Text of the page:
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Moneycontrol

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Dell Technologies

Associate Partners

Kotak Mutual Fund
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SBI
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Luck saved Cantor CEO Howard Lutnick on 9/11, then he saved the company

On the morning of September 11, 2001, Howard Lutnick of Cantor Fitzegerald tweaked his schedule to drop his son off at school. It saved his life. His 658 colleagues, who were in office when the first plane hit, were not so lucky.

September 11, 2021 / 01:50 PM IST
Howard Lutnick, CEO of stock trading company Cantor Fitzgerald, survived the 9/11 attack on the World Trade Center because he came to work late after dropping his son off at school.

Howard Lutnick, CEO of stock trading company Cantor Fitzgerald, survived the 9/11 attack on the World Trade Center because he came to work late after dropping his son off at school.

No company suffered as much loss of life in the terrorist attacks of September 11, 2001, as Cantor Fitzgerald.

The financial services organization occupied five floors in the North Tower of the World Trade Centre in New York. At 8.46 am, the first plane (American Airlines Flight 11) hit the building just below the Cantor offices. By then, 658 employees were at work. None of them survived.

There was one employee who was not yet at his desk. It was his son’s first day at kindergarten. He had gone to drop the boy off. The employee was CEO Howard Lutnick.

On the 20th anniversary of the attacks, Lutnick remembers the chaos and tragedy of the day. Among those who died were his brother, his best friend and several people he had hired.

“Sometimes it feels so long ago, like another life, and sometimes when I hear someone’s name, think of their face, see their picture, it’s (like) yesterday,” Lutnick told Pix 11 recently. “It’s just not possible for everyone you work with, all your friends, to die in your office.”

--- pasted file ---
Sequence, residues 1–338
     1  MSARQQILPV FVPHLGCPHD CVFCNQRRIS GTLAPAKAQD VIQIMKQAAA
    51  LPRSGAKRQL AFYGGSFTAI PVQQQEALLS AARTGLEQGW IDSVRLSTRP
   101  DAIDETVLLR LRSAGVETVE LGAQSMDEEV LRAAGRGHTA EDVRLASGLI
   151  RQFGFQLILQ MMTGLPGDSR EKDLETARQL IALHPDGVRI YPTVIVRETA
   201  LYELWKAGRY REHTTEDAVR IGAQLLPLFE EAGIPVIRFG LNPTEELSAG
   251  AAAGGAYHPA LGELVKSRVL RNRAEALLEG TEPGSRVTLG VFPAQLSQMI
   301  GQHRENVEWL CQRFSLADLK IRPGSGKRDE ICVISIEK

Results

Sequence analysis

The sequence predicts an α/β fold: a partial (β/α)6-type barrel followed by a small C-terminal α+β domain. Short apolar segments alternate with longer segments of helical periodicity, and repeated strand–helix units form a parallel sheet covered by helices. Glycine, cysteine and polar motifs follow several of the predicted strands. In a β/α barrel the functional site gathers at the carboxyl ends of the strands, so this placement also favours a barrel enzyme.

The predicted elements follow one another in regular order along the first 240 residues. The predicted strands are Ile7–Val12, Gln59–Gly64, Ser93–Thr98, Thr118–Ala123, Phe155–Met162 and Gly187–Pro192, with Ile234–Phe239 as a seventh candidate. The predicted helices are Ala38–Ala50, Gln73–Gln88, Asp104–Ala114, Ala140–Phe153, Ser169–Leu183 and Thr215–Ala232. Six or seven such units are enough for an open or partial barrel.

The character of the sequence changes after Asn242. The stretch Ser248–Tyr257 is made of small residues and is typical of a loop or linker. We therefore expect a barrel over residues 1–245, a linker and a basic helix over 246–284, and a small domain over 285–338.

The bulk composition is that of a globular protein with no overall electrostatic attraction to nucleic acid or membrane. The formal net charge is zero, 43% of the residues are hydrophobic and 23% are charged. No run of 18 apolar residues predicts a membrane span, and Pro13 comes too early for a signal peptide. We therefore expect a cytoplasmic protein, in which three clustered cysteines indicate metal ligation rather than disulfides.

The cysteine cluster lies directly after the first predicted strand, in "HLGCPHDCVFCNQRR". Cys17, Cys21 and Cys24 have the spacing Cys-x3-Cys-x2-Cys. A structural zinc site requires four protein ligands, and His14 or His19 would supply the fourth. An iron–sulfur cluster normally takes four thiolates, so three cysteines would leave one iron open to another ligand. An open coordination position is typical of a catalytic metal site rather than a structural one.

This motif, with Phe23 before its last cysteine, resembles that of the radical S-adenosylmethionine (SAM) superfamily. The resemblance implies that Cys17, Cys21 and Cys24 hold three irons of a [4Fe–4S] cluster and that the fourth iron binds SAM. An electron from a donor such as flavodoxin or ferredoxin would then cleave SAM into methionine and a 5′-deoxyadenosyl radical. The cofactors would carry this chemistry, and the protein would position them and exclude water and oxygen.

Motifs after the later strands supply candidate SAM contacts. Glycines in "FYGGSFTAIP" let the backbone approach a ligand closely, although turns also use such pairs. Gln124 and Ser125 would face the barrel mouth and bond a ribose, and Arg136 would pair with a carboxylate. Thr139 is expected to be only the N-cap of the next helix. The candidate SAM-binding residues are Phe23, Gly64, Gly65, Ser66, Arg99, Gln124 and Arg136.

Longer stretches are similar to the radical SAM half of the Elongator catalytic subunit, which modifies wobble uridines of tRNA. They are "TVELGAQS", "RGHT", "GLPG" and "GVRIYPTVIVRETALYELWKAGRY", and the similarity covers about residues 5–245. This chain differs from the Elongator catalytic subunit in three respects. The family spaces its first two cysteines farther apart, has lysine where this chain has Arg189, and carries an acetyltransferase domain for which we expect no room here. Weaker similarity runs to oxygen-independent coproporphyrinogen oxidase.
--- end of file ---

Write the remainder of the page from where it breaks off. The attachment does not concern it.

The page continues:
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Lutnick hurried towards the office after dropping his son, but was floored by a giant cloud of dust and ash tearing through Lower Manhattan as the South Tower crumbled.

“I was running my tail off from a black ball of hurricane,” he said. “I have no idea what’s going on. So I dive under a car, and the hurricane just engulfs me, and it’s black and silent. I assumed I’d die.”

Cantor Fitzgerald was making a million dollars a day. After 9/11, it started losing the same amount in a day. Lutnick took an unpopular decision to stop the salary of those who had perished. Instead, he paid their families a 25 per cent share of the company’s earnings and took care of their healthcare for ten years.

But for a while, Lutnick was a reviled man. At the time, he wept on Larry King’s show, “They think we’re doing something wrong. (But) I can’t pay their salaries, I don’t have any money to pay their salaries.”

Today, he says, “We would have gone out of business in an hour if I worried about how I looked (was perceived). It was about survival.”

Lutnick also decided to keep the company going, despite the daily 7-figure losses, and the fear and pessimism in the air.

“We have two choices,” he told Pix 11. “We can close the firm and go to our friends’ funerals. Or, we’d have to work harder than we’ve ever worked before so that we could help the families of those who we’d lost.”

In about five years, Cantor Fitzgerald paid bereaved families approximately $180 million in all. It also hired the children of some of the victims.

“We got 60 children of people who died working here,” Lutnick says.

He does feel survivor’s guilt, but says he doesn’t dwell on it. “I’d say, live your life, (it’s) precious, love it, enjoy it, seek happiness,” is his learning from the harrowing experience of September 11.
Akshay Sawai
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